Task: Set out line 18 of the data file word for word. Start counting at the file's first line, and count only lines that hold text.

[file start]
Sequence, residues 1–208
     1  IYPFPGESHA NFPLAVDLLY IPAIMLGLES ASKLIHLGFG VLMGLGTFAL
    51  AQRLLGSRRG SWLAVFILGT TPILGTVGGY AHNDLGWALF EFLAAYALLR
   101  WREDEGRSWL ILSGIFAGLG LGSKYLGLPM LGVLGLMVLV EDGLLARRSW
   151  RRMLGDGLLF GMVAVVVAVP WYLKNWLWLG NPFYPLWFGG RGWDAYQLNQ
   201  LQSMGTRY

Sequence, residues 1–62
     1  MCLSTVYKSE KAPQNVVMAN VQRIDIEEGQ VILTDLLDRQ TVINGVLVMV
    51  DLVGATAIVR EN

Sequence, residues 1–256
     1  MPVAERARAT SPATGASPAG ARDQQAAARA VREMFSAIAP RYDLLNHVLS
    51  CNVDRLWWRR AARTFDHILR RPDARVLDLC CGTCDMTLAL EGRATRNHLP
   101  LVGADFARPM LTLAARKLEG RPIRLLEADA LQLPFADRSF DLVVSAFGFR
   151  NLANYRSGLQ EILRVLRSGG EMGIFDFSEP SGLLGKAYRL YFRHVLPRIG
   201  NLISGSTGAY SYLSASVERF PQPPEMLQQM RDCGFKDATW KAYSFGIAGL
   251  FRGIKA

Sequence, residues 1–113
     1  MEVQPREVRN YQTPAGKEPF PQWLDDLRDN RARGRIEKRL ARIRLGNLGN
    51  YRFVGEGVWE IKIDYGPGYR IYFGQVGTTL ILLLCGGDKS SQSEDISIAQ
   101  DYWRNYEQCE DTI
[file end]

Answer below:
     1  MEVQPREVRN YQTPAGKEPF PQWLDDLRDN RARGRIEKRL ARIRLGNLGN